The opioid epidemic is crushing families and communities across the U.S. and Canada. Could medical cannabis save us?
Cannabis could be one of our most powerful weapons against drug addiction, particularly today’s opioid epidemic, which killed nearly 50,000 Americans in 2017 alone.
Opioid Epidemic Numbers Drop In Legalized States
In states with legal cannabis, opioid use drops about 25 percent. Less opioid use means less addiction and fewer overdoses.
Why do weed-legal states see less opioid use? Are people replacing opioids with cannabis? It’s true that cannabis is an analgesic – a painkiller – and, in fact, the great majority of medical cannabis patients take it for chronic pain. Interestingly, the painkilling promise of cannabis is what prompted Illinois governor Bruce Rauner to sign a law that permits doctors, in his state, to suggest cannabis as a replacement for opioids.
Research Proves That Cannabis Helps Addicts Recover
The evidence we have isn’t entirely anecdotal, either. There are severe restrictions on clinical cannabis research in the US and around the world. Despite those restrictions, people are still undertaking research, especially in Canada.
M.J. Milloy is a research scientist at the British Columbia Centre on Substance Abuse. A few years ago, Milloy began studying cannabis as a treatment for opioid and crack addiction. Milloy focuses particularly on homeless individuals and HIV patients. So far, his research proves cannabis helps opioid addicts, particularly heroin addicts. Cannabis helped heroin addicts stay on methadone, another opioid that helps wean addicts off heroin or oxycontin.
“That’s a very intriguing finding for us,” Milloy told RxLeaf by phone. “Obviously it’s good whenever we find anything that seems to be linked to keeping people on methadone, given methadone’s important role in the lives of people suffering from substance use disorders.”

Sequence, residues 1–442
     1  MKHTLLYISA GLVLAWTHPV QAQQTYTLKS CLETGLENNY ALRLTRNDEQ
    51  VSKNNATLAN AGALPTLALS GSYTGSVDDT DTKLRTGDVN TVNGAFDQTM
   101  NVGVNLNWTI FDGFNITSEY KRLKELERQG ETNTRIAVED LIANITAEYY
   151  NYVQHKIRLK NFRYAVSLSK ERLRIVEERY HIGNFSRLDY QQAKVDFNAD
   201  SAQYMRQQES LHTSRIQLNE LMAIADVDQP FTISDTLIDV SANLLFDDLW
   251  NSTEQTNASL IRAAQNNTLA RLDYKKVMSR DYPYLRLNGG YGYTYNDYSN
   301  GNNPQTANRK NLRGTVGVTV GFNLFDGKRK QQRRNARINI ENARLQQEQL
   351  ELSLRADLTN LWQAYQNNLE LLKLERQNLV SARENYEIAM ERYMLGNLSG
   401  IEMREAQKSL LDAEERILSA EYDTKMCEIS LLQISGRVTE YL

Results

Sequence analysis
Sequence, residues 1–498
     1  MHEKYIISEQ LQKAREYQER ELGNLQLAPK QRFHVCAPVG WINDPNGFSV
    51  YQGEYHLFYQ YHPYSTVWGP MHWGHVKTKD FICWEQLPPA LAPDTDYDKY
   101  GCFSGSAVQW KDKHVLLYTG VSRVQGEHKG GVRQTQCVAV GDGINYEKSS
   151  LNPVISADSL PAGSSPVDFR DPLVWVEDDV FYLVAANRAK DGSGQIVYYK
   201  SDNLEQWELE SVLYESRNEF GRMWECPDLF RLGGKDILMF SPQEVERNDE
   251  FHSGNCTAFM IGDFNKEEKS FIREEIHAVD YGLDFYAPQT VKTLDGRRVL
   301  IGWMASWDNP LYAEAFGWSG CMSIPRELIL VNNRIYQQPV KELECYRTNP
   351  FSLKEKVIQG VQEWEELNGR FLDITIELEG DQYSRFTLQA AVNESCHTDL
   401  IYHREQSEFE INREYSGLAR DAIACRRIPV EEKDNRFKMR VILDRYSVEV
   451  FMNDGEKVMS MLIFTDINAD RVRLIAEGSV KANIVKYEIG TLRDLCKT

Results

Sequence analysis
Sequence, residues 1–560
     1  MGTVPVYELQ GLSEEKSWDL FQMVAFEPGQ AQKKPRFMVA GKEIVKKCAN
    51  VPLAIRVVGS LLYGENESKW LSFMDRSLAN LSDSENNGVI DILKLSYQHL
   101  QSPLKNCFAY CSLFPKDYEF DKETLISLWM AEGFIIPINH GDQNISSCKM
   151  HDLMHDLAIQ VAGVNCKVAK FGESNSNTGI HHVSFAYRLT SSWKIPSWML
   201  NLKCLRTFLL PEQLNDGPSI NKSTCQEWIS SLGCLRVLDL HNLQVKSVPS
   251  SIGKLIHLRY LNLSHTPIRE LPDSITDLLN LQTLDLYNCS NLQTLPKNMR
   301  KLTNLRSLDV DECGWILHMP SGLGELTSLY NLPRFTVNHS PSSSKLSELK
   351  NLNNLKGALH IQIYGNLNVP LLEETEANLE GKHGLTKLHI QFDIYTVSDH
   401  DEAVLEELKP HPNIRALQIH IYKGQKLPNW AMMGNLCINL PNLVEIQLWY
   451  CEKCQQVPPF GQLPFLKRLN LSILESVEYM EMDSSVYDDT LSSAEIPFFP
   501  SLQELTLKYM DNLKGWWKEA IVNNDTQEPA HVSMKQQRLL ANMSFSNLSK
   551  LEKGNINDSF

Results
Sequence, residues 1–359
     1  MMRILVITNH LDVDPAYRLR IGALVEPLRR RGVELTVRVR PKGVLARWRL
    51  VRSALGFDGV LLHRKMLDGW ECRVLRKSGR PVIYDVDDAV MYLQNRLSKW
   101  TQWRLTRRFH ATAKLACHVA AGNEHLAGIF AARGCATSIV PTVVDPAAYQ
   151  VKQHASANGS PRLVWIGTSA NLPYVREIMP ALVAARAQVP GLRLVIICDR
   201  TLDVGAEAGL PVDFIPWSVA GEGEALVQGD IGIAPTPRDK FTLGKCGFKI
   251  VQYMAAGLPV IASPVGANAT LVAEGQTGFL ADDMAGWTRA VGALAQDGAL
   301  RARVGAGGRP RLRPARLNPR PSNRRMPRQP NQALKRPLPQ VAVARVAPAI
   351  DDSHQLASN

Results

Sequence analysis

The First Line of Addiction Treatment Is Substitution
Methadone, however, remains a controversial treatment. Like most opioids, it also carries the potential for addiction and abuse. Milloy said that regardless of methadone’s dangers, it’s still far better for patients to use methadone than heroin.
“There is no cure for addiction” Milloy says. “Evidence indicates that the first line of clinical therapy is substitution.”
By substituting one substance for another, patients maintain greater control over their addiction. Seeking out methadone, Milloy added, also encourages patients to seek medical care in the first place.
While Milloy studies the effects of cannabis on opioid and crack addicts, private companies are developing new products from cannabis that could supplement or replace opioids. Richard Kauffman is a bionutritional research director at NanoSphere Health, a biotech firm with offices in Colorado and British Columbia.
Asked if pain-relieving cannabis products such as those being researched by NanoSphere, could curb the opioid epidemic, Kauffman says, “That remains to be proven, but I do believe if given a fair shot, cannabis has some potential to help solve the opioid epidemic.”
Cannabis Probably Can’t Replace Opioids In All Cases
According to Kauffman, cannabis, alone, is a powerful painkiller. Even just by reducing inflammation, it can reduce pain. Cannabis can also trigger the release of endorphins through CB2 receptor mediation which leads to a reduction in pain perception.
But Kauffman doesn’t foresee cannabis completely replacing opioids. Kauffman believes that in the future cannabis and opioids will be prescribed side-by-side. Their combination could effectively control pain while minimizing opioid abuse. Cannabis and opioids work on two separate receptor systems – the opioid receptor system, and the endocannabinoid system – meaning it’s possible that these two drugs can be used together for a double-whammy pain-killing treatment.
“You can have a synergistic effect,” he explained, “an overlapping effect with the primary analgesic agents that you’re taking.”
Is there more, though? How else could cannabis help people use less or no opioids at all?
Milloy said that cannabis hits on several aspects of addiction. Many drug addicts abuse crack or opioids to relieve anxiety or pain, something that cannabis can do as well. Cannabis also appears to help addicts endure the horrors of withdrawal, which is essential to motivating the quit.
However, both Kauffman and Milloy noted that there’s still a lot of research needed before doctors can design treatment regimens that effectively employ cannabis.
“Until we do more experimental work,” says Milloy, “these are just educated guesses at this point.”
We need solid research that provides dosage information and treatment stages.